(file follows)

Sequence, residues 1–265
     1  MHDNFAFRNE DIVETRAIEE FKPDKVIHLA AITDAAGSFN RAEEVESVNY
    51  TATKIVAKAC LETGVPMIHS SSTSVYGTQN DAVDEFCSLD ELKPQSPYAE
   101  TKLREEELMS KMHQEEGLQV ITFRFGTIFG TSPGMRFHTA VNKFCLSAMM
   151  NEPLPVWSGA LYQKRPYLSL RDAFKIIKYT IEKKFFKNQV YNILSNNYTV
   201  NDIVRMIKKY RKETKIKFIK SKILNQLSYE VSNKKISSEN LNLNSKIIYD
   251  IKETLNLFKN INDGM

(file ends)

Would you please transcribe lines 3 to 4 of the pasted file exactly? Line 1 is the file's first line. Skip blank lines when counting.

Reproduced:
    51  TATKIVAKAC LETGVPMIHS SSTSVYGTQN DAVDEFCSLD ELKPQSPYAE
   101  TKLREEELMS KMHQEEGLQV ITFRFGTIFG TSPGMRFHTA VNKFCLSAMM